Note Because the builds are cumulative, each new fix release contains all the hotfixes and all the security fixes that were included with the previous SQL Server 2008 fix release. We recommend that you consider applying the most recent fix release that contains this hotfix. For more information, click the following article number to view the article in the Microsoft Knowledge Base:
970365 The SQL Server 2008 builds that were released after SQL Server 2008 Service Pack 1 was released
Microsoft SQL Server 2008 hotfixes are created for specific SQL Server service packs. You must apply a SQL Server 2008 Service Pack 1 hotfix to an installation of SQL Server 2008 Service Pack 1. By default, any hotfix that is provided in a SQL Server service pack is included in the next SQL Server service pack.
To work around this issue, resolve the low-memory condition. The amount of memory that can trigger this issue varies for different computers. Generally, this amount is between 32 MB and 64 MB. Therefore, we recommend that you configure the server to allocate more than 64 MB of available memory to SSIS 2008.
The default amount of available memory that signals a low-memory resource notification event fluctuates. This available memory ranges from 32 MB to 64 MB for every 4 gigabytes (GB). This problem is difficult to prevent because available memory fluctuates on busy production servers. Additionally, memory may decrease for various other reasons. For more information about memory resource notifications, visit the following Microsoft Developer Network (MSDN) Web site:
To reduce the frequency of this problem, use one of the following methods.
Add more physical memory to the computer.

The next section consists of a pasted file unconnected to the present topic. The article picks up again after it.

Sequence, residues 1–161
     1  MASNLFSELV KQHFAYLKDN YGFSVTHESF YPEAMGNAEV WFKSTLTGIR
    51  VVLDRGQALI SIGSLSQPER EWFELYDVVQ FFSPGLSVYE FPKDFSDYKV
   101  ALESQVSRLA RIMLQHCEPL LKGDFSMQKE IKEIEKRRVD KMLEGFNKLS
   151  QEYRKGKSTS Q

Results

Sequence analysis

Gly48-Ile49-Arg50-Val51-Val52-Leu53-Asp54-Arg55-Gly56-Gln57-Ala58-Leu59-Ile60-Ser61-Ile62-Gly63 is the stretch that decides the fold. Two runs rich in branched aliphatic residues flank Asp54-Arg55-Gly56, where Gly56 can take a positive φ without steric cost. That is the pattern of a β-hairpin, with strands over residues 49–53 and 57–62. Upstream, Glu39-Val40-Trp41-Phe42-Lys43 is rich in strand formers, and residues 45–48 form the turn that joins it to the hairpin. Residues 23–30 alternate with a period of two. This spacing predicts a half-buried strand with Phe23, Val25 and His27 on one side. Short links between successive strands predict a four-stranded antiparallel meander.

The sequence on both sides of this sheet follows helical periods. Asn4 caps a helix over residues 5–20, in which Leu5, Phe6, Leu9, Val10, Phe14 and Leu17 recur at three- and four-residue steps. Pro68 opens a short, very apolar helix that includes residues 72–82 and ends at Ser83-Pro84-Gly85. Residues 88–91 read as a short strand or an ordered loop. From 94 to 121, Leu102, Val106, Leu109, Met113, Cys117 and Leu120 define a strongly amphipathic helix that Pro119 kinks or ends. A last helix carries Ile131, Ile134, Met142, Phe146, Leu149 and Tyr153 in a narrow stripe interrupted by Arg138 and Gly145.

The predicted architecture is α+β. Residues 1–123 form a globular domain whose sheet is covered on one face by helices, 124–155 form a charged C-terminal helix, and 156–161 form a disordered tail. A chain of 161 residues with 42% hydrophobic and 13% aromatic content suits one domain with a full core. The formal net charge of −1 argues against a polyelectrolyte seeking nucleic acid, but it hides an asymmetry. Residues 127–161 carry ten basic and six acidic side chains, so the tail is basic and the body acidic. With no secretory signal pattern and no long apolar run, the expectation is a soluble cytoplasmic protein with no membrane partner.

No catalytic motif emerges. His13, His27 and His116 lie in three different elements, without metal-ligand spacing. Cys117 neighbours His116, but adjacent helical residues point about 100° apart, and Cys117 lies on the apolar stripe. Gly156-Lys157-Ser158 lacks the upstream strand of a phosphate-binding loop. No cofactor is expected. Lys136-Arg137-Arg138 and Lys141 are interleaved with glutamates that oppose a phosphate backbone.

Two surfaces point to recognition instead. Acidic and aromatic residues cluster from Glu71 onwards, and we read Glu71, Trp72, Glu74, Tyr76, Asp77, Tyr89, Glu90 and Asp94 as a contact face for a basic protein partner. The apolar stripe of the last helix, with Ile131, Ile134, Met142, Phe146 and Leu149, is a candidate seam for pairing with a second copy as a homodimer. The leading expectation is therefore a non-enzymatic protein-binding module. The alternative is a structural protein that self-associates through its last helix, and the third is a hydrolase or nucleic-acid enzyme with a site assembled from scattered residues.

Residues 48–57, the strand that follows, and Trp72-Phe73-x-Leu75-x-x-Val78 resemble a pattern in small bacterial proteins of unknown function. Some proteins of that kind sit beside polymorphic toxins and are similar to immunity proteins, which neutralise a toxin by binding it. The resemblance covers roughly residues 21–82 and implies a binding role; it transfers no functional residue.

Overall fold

Run the SSIS 2008 package on a computer that is not running an instance of SQL Server.
When you run the SSIS 2008 package, set the Maximum server memory option for the SQL Server 2008 instance to a smaller value. This behavior increases available memory.
Exit applications that consume lots of memory when you run the SSIS 2008 package that contains dataflow tasks.
Run the SSIS 2008 package and the dataflow tasks in series instead of in parallel to decrease memory usage.
Use the method that is described in the "How to monitor memory consumption for SSIS" subsection of the "More information" section to troubleshoot the low-memory condition. Then, optimize memory use for SSIS 2008.
Microsoft has confirmed that this is a problem in the Microsoft products that are listed in the "Applies to" section.
How to monitor memory consumption for SSIS
Monitor memory to measure peak usage for various SQL Server Integration Services run-time processes to calculate maximum memory usage
Monitor the peak memory usage of the various SQL Server Integration Services (SSIS) run-time processes by using the Private Bytes counter of the Process object in Performance Monitor. Examples of SSIS run-time processes include the DTExec.exe process and the DTSHost.exe process.